David Hudson on Tue, 10 Feb 1998 09:09:26 +0100 (MET)

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<nettime> REWIRED February 10, 1998

February 10, 1998

by David Hudson

Richard Barbrook's review of REWIRED, the book, sparked a bit of discussion
here and there, most openly on the Nettime list, before it finally landed
(in both English and German) in the publication that commissioned it,

My guess is that this is precisely the way Barbrook would have it. Barbrook
writes to provoke, and he does it well. See, for example, his most recent
post on the board which maxes out in the final sentence, "As a Euro Social
Democrat, it does give me great pleasure to see how our founding father can
still scare the Californians over a century after his death!"

This gem of a sentence not only manages to rhetorically tilt Marx onto the
same pedestal Americans originally raised for a small club of white
European males in powdered wigs, a move you just know he hopes will induce
cries of "Blasphemy!" from US patriots who stumble onto the REWIRED board,
but also manages one more dig at "the Californians". The danger here is
that it's beginning to appear as if Barbrook, who with Andy Cameron
contributed an important historical interpretation of early 90's
Wired-style libertarianism in "The Californian Ideology," either doesn't
seem to realize that history has marched on or aims to build a career on a
well-deserved hit.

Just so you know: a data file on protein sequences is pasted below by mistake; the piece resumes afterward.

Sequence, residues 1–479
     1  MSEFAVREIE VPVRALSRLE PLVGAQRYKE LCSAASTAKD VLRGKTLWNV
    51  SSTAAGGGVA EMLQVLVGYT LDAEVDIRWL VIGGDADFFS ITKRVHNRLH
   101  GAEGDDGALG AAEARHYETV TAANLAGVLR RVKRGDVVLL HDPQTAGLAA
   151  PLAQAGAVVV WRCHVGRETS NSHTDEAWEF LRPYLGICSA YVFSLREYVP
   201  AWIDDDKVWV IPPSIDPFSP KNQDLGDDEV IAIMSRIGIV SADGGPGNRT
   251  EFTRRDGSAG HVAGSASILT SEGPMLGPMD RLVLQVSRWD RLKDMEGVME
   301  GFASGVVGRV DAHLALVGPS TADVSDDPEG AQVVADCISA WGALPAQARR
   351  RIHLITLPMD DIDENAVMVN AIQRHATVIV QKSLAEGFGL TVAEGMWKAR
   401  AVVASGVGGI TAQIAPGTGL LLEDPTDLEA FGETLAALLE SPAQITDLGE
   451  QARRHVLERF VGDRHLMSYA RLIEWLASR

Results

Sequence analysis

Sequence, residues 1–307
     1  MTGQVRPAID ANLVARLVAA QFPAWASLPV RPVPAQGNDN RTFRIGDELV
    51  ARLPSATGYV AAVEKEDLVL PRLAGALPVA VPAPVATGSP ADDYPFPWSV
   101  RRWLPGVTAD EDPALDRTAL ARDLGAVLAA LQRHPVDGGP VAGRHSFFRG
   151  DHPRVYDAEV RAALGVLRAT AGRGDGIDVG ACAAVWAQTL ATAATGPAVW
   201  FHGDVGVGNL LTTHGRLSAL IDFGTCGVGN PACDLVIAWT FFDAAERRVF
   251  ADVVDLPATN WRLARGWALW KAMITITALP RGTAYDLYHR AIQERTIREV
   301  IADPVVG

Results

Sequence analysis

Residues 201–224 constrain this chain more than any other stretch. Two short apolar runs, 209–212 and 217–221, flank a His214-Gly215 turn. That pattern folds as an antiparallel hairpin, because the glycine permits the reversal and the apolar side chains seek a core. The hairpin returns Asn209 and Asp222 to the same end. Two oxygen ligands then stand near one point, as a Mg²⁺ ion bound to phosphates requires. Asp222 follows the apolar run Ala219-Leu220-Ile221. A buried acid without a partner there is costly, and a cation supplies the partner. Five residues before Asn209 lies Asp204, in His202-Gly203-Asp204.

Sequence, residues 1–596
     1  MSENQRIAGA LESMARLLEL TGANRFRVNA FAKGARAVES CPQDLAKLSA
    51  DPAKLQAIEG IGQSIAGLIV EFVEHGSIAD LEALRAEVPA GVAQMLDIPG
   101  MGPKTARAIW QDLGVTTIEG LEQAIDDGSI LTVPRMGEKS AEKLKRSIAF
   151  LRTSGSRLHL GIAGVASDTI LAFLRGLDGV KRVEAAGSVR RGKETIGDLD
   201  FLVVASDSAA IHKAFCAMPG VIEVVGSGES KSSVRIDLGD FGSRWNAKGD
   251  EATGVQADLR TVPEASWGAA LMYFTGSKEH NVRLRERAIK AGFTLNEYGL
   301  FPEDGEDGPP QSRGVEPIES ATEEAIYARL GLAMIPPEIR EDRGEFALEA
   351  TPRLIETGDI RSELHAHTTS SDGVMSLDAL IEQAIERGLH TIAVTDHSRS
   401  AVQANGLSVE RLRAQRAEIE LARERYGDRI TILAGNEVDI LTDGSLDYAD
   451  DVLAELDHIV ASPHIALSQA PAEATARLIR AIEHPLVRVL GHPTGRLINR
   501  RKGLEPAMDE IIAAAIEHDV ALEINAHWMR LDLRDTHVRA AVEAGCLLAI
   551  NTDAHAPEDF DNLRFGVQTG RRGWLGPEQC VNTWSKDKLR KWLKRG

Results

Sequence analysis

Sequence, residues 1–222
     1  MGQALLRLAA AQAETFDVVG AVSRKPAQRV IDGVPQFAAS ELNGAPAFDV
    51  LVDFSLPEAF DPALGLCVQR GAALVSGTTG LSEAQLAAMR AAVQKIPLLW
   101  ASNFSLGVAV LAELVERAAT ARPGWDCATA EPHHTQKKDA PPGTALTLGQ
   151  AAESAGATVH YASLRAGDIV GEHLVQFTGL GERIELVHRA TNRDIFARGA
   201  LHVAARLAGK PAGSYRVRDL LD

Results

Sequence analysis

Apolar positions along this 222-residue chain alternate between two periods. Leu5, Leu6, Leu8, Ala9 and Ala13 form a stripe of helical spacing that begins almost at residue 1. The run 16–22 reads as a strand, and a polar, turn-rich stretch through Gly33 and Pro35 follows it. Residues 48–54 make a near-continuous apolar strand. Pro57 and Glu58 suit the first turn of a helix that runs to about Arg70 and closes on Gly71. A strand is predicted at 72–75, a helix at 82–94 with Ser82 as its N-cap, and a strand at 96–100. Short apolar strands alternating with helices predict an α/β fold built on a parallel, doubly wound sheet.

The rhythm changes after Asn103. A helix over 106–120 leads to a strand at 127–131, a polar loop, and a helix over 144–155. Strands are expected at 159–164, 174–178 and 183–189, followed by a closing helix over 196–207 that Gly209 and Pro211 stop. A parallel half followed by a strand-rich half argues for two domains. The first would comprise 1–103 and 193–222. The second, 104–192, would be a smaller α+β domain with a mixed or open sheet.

Detained by the flu and a ridiculous workload, I wasn't able to leap into
the fray while it was still fraying, and at this point, there isn't much
left for me to do but sweep up a few untended details that may not matter
to anyone else but me. The discussion, after all, has centered more on the
reviewer than the book, and after Mark Dery's eloquent call in "The
Californian Demonology" for Barbrook to move on, all I have to add is a bit
of nitpicking.

First, Dery's presumption that the book is aimed at "the cultural elite"
is, to me, an important but understandable mistake. Barbrook is right to
point out that much of the book originally appeared at this site, but he
also seems to be understandably unaware that, one, much of it didn't, and
two, what did was rewritten for the proverbial "general reader". At the
same time, I've been fortunate to have several sharp readers who aren't as
steeped in what we used to call "cyberculture" tell me that the book mapped
well what to them had been rather confusing territory.

Opinionated as the book may be, it is a history, a guide of sorts, and not
a twelve step program to a better Internet. On the one hand, my initial
reaction to Barbrook's review was similar to Paulina Borsook's. "He's
accusing you of not being full of a positive socialist five year plan!?
Hey, some of us are just *writers*, and our role is to write what we see!"

On the other hand, I actually have more than a few times pounded my head
against Alta Vista wondering where, oh, where is that pundit, that paper,
or at least a ray of hope with some potential for a vision as vibrant and
seductively simple as Louis Rossetto's yet somehow turned upside down?

But that would be heading down the wrong road. Mark Dery, himself an astute
cultural critic and not a politician or even a propagandist, addresses this
conundrum far more assiduously than I could. I'd just add that the aim is
not to become some true believer in either some all-knowing hive mind or
anybody's founding father.

Barbrook strongest point is this: "Tortured with self-doubt, the American
Left is incapable of imagining any future other than being defeated again
and again." As often as I'm utterly astonished by how little Americans and
Europeans understand each other, despite countless lifetimes of cultural
exchange and the by now all but omnipresent media, this statement of
Barbrook's strikes home.

Simply skim the pages of The Nation, The Village Voice or any other left
leaning publication of your choice for immediate exposure to the symptoms
of what Chris Lehmann has called "The Left's Personality Disorder". Or